I graduated last year with a bachelor’s degree in what is called “Film Studies,” because a majority of the movies we watched and wrote about were shot on film. I also grew up in what will be the last generation to have seen a major motion picture premiere that was originally shot and edited on film. As I re-read Murch’s book this semester I was struck by how it knit together my previous education of film with my new path as a student of design and technology. His work clearly laid out the advantages and disadvantages of both film and video; and though certain problems associated with video have been remedied by more reliable computing environments, the connection to a “kinetic feedback” with video footage has become increasingly distant. My project, the Videola, is an attempt to reclaim that connection.
I decided to focus the Videola’s function to the primary decision made by an editor: where to cut. Murch compares this task to that of a gunslinger; focusing with one’s entire body, waiting for the perfect moment to begin and end a scene.
I began the project by outlining the physical elements I would need (a hand crank mechanism, rotary encoder, Arduino, and switches) and writing pseudo code for the software elements. I intentionally delayed creating the wooden housing until I was certain all the elements of the prototype would work together as planned. For the first several weeks my desk served as housing for the circuitry, allowing me to experiment quickly with various was of integrating the data coming from Arduino into openFrameworks. During this prototype phase I acquired the film winders of an authentic Moviola, the film editing machine whose namesake I reference in my own project. The weight and sturdiness of their metal construction served as a perfect tactile interface for my rotary encoder.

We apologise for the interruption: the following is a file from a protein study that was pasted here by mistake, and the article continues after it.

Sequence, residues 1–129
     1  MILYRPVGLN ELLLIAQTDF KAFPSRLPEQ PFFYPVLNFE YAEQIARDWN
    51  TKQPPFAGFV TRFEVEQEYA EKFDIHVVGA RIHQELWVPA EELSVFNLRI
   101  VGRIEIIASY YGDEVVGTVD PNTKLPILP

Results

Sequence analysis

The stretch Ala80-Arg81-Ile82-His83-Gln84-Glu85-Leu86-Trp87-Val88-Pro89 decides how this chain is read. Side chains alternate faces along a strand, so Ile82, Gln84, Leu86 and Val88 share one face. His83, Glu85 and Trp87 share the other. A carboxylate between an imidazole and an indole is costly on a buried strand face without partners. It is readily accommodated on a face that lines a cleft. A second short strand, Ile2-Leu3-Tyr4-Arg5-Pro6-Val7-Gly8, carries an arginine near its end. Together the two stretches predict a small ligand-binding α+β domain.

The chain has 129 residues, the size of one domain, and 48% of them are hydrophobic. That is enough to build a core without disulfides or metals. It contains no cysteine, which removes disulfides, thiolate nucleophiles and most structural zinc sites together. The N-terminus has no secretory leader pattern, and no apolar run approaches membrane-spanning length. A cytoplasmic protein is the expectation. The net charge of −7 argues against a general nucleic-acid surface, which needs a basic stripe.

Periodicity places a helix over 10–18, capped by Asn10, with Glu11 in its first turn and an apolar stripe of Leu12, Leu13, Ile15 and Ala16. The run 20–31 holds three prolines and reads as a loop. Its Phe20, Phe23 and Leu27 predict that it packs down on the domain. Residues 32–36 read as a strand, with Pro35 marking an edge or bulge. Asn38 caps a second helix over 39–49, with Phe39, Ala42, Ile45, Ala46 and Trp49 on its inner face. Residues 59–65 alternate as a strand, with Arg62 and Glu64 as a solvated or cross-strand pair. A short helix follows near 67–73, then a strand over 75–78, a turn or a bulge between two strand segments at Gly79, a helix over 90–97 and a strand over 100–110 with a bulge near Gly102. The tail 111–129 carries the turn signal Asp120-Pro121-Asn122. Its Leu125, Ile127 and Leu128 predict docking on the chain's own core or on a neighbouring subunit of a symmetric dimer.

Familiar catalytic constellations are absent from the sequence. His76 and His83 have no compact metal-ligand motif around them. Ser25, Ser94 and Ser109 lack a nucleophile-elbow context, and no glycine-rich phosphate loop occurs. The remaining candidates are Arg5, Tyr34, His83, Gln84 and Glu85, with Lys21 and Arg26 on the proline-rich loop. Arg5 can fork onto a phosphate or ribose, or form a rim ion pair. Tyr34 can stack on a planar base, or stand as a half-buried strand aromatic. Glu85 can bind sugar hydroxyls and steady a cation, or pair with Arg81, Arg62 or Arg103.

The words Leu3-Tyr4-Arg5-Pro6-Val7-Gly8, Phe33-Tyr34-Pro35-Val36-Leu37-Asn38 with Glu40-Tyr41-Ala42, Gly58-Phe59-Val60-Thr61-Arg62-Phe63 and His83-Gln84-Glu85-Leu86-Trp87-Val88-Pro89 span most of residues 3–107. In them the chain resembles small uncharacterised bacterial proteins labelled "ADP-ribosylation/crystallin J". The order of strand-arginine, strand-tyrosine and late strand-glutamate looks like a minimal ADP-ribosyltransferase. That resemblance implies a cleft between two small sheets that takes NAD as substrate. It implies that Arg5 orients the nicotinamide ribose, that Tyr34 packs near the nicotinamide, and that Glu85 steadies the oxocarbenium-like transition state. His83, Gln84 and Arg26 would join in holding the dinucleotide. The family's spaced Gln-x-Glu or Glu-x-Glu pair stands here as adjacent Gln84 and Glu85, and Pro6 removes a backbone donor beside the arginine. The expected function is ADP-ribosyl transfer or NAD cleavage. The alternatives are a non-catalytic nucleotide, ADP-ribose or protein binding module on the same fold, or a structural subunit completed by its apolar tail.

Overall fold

The Videola project opens the way to numerous avenues of exploration. The primary concern in further iterations is to contain all the functions of the machine into a succinct apparatus. A USB port built into the body of the machine would allow the user to swap ‘reels’ without handling the computer itself. A projector built into the workings of the machine would strengthen the connection of user and medium by removing the distraction of a physical monitor. Once these aesthetic concerns have been addressed, it will be possible to move to questions of function. Instead of the workflow ending in the physical world, perhaps the Videola could upload completed pieces to YouTube, Vimeo, or Facebook; retaining the mobility of video without sacrificing the physical connection in the edit process.
In every iteration it is my hope that users who experience working with the Videola will feel an emotional connection not only with the footage they are editing but also with the history of film editing itself. Future colleagues of mine may very soon have diplomas with “Video Studies,” inked on them, but it will be my goal to ensure that whatever medium we use can still be a passionate and beautiful representation of the many stories the future will have to tell.